The symbiotic relationship between the traders and the Native American artisans in the Southwest was often a complicated one. It was the business influence of the traders that helped boom the market for the jewelry, pottery and blankets the Navajo, Hopi and other tribes produced. They also controlled that market in ways which, viewed through the modern lens, didn’t always appear to support the creation of genuine handmade items from Native artists. One such instance of injecting cheaper, mass produced materials into the work can be found in what have come to be known as Hubbell beads.
Hubbell beads were glass beads imported from Italy, Bohemia and later Czechoslovakia. Though there is not significant evidence the practice was begun by Lorenzo Hubbell, owner of Hubbell Trading Post, the beads have become associated with his name. They were purchased as a less expensive way of producing jewelry. Since the traders often supplied the Native artists with the materials for jewelry sold at the trading posts, the traders looked for ways to lower the costs of producing enough jewelry to meet the market demand. They found one way through the cottage crafters in areas such as Czechoslovakia.
By the turn of the twentieth century, Czech bead makers were exporting large quantities of glass beads to a worldwide market. They came in a wide array of shapes, sizes and colors. Ones imported to the Southwest were shaped and colored to resemble the turquoise and coral used in Native American jewelry. While their use may have been only a substitute for the real gems that make up true handmade jewelry from the Southwest, their import helped families in areas such as Bohemia make a living during the tumultuous times in Europe.
The area known as Bohemia, which would later become part of the newly formed Czechoslovakia, is rich in the natural resources required for making glass. Quartz from local mines and potash, the by-product of wood fires, offered materials for an industry to grow. Bohemian crafters have been making glass beads since the time of the Roman Empire. With the fall of Rome, however, bead making declined as beads were considered a luxury item.
In the 1550s, Bohemia’s glass industry began to boom. Cities such as Jablonec, Stanovoko and Bedrichov were major centers for the making of glass products, including beads. The work was done by cottage crafters working out of their homes, making beads for the local jewelry factories. Homes where beads were produced could be recognized by their tall chimneys and roof vents.
Bead making boomed with the advent of machines which could mass produce a variety of shapes and sizes fast and at low cost. Rather than hand making the beads, these machines used heated molds into which the molten glass was pressed. A rod was used to place the hole in the bead. This allowed the hole to be put anywhere and even multiple holes could be created. Beads could be colored in an array of shades. Cottage crafters were given molds to use to create identical beads for the factories. Bead making remained a family enterprise.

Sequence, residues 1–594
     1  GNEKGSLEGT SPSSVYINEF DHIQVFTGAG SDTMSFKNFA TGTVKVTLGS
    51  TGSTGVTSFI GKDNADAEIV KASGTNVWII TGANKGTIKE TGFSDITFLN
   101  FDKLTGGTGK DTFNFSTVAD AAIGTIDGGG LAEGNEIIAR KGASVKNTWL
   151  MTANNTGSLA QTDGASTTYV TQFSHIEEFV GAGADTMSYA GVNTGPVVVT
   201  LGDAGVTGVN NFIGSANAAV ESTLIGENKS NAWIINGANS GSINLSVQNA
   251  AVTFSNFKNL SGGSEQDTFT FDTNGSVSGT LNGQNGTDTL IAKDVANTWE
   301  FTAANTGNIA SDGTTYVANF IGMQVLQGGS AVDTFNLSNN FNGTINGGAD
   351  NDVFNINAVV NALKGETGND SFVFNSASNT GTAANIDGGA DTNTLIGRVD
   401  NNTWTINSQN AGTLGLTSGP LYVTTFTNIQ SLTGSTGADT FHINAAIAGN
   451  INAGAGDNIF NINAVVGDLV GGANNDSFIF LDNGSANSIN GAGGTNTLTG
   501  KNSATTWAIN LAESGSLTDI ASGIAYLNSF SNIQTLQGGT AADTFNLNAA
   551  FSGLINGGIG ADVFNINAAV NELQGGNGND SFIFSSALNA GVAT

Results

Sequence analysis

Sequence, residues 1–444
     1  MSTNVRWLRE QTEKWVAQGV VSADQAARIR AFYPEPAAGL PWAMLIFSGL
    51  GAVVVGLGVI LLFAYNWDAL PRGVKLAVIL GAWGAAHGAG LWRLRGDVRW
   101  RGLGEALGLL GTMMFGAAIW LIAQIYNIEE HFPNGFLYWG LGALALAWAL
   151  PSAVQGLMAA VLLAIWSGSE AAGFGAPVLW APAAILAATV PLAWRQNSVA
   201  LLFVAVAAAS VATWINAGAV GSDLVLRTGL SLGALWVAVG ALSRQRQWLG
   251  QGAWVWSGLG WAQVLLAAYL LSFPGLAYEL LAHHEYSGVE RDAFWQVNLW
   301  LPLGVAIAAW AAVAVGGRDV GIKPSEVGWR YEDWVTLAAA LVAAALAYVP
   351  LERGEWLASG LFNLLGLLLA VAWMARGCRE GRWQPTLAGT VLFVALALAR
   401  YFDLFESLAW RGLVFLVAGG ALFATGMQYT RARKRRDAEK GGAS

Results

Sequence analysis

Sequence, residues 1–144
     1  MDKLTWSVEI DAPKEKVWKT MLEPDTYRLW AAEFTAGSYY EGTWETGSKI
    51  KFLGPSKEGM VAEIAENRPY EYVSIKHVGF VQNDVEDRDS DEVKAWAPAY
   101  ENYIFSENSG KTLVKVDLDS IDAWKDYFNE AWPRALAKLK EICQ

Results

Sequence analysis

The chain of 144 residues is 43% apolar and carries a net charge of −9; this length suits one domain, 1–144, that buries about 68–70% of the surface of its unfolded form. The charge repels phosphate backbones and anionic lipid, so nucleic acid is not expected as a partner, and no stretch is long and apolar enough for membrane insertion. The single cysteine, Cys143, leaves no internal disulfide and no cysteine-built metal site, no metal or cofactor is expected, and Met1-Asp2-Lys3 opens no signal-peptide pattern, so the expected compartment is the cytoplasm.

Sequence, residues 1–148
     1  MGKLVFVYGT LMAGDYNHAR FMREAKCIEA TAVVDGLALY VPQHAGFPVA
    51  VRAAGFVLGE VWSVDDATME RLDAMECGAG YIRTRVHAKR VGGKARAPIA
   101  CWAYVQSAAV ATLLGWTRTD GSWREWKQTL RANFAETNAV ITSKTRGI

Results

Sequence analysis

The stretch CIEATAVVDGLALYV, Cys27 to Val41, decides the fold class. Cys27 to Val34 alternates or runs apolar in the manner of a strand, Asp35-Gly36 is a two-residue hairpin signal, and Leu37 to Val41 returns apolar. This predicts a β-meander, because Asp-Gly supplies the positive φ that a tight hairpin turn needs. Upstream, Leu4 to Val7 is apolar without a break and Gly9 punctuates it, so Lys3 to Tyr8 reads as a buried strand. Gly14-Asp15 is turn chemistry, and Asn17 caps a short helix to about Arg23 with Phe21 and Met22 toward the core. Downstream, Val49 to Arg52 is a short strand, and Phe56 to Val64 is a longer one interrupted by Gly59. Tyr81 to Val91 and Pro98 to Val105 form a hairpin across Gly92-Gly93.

As a result of the Napoleonic Wars, Bohemia became a part of Austria. After settling in to their new country, the bead makers began the process of expanding their business. Traveling salesmen known as “Sample Men” went from place to place, asking the business owners what type of bead they would be interested in purchasing. They gathered descriptions of the desired beads and produced sketches for the bead makers to work off of. The industry boom was so successful that by 1928 the Czechs were the largest exporters of beads in the world.
That success faced some obstacles as unrest in Europe resulted in two world wars. There were also effects on the industry from the Great Depression. Following World War I, Bohemia again changed hands, becoming part of the newly formed Czechoslovakia.
When the communist regime came to power following World War II, they nationalized the glass making industry. Beads once again fell afoul of their image as luxury products. Making them fell into decline during this time. They returned, however, in the late 1950s, when the regime began to look for ways to produce cash. Reviving the export of glass beads was a way for them to make money. So the bead makers were back in business.
Today the crafters in Czechoslovakia are in the forefront of the bead making industry once again. As for what have become known as Hubbell beads, they are prized collectors’ items. And Lorenzo Hubbell’s name has become synonymous with any glass bead which resembles turquoise.